The race to lure cost-conscious users with cut-rate prepaid plans is on. And Sprint is demonstrating how Tier 1 operators can compete without turning their brands into the mobile equivalent of Wal-Mart.
The struggling operator this week underlined the renewed luster of the prepaid business with its latest earnings report, adding 764,000 customers in just eight weeks with its new, $50-a-month plan from Boost Mobile that includes unlimited messaging and Web browsing. The adds contrasted starkly with Boost’s fourth-quarter in 2008 — which saw the subsidiary bleed 314,000 users — and partially offset Sprint’s disappointing loss of 1.25 million postpaid subs. Analysts say Boost’s momentum is likely to continue, potentially drawing 1 million new subscribers during the second quarter and — perhaps — helping Sprint address a churn rate that has exceeded 2 percent for the last three years.
That surge is no aberration. Boost’s success mirrored fellow prepaid service providers MetroPCS and Leap Wireless, which each claimed hundreds of thousands of new customers in their quarterly earnings statements. Virgin Mobile USA jumped into the fray last month, as well, cutting the price of its unlimited plan (which doesn’t include data) to $50.
Any growth is good growth in this economy, of course, but the prepaid segment is covered in dangerously thin ice for established carriers. Prepaid users spend less than their postpaid counterparts ($31 a month vs. $56 a month for Sprint during the most recent quarter), they reportedly use more network resources, and they’re free to switch providers on a whim. Leap, for instance, saw its ARPU drop more than 6 percent to $42.21 year-over-year, and reported a net quarterly loss of $47.4 million. MetroPCS saw its ARPU fall to $40.40 as churn jumped to 5 percent. What’s more, margins from prepaid use are sure to slim as the cutthroat competition heats up.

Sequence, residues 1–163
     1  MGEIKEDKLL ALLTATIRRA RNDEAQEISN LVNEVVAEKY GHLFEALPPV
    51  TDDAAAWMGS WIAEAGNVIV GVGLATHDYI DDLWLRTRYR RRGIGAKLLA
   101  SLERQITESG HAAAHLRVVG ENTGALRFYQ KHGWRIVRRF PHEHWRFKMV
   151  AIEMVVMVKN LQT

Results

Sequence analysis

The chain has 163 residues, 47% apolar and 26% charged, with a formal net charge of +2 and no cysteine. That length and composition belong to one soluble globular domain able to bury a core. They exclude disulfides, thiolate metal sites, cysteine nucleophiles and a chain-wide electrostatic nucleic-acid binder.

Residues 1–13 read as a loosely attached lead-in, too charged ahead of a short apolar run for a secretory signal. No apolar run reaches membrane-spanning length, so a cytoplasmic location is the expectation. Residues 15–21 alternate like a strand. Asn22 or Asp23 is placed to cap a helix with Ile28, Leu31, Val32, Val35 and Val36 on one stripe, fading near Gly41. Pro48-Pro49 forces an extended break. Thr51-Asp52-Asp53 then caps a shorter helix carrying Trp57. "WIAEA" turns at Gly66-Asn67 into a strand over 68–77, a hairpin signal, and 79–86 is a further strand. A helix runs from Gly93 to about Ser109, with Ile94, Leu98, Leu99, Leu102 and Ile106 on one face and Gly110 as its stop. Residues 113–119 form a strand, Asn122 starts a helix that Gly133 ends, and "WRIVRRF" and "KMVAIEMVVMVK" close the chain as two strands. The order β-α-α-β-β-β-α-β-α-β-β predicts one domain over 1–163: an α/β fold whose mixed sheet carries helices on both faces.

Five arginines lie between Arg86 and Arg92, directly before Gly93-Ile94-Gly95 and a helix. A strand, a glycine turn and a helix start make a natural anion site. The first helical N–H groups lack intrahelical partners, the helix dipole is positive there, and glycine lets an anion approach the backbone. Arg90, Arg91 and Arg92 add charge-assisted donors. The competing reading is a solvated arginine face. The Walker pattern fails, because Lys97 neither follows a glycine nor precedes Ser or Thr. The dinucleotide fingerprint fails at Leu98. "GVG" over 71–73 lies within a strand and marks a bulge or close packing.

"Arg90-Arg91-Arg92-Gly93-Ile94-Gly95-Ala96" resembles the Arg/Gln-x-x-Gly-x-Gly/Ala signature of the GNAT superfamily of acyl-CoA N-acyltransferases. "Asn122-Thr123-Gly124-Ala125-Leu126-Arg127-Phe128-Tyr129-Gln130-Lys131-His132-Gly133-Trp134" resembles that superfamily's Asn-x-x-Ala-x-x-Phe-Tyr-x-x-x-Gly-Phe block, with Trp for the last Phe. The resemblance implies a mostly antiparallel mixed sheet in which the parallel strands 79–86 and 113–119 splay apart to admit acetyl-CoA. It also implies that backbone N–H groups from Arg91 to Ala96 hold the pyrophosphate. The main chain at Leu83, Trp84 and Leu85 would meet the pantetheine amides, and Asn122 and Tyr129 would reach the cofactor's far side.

There is money to be made in prepaid, though, as MetroPCS’s $44 million net quarterly profit demonstrates. That’s money Sprint can’t afford to leave on the table, and the Boost brand provides a way to minimize the cannibalization factor while serving the growing prepaid sector. The short-term lift from prepaid is surely especially welcome as Sprint prepares to launch Palm’s Pre — a platform whose success may ultimately decide Sprint’s fate.
Wireless is nearing the saturation point in the U.S., and consumers are looking to cut costs anywhere they can. Sprint’s strategy is a twist on the old mobile virtual network operator (MVNO) model, but this time the virtual operator is a subsidiary of the true network operator. The move is a shrewd one: Sprint can position itself as the entrenched, familiar player with traditional plans as it attracts penny-pinching users via a separate brand in Boost. Verizon and AT&T each have branded prepaid services, but neither makes an effort to position the offerings as stand-alone businesses.
Prepaid users aren’t exactly the belles of the ball when it comes to mobile consumers, but they represent a market carriers can’t afford to ignore — especially if they can be converted to postpaid subscribers as the economy recovers. Following Sprint’s lead and creating a business like Boost Mobile may be the best way for the other Tier 1s to tap the fastest-growing segment in wireless and minimize losses in the lucrative postpaid space.